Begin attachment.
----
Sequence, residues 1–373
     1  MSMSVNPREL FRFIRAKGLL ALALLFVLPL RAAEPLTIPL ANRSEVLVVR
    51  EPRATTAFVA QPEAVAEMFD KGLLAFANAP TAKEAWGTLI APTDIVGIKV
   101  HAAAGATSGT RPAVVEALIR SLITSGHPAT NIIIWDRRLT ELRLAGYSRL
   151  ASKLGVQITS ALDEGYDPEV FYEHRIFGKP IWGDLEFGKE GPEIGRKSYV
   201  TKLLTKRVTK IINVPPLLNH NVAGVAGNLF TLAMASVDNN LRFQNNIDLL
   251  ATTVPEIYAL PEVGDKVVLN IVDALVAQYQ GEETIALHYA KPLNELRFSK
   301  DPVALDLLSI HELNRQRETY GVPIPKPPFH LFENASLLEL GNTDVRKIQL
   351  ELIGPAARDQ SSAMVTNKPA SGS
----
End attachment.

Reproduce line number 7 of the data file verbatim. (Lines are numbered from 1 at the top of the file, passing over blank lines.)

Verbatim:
   251  ATTVPEIYAL PEVGDKVVLN IVDALVAQYQ GEETIALHYA KPLNELRFSK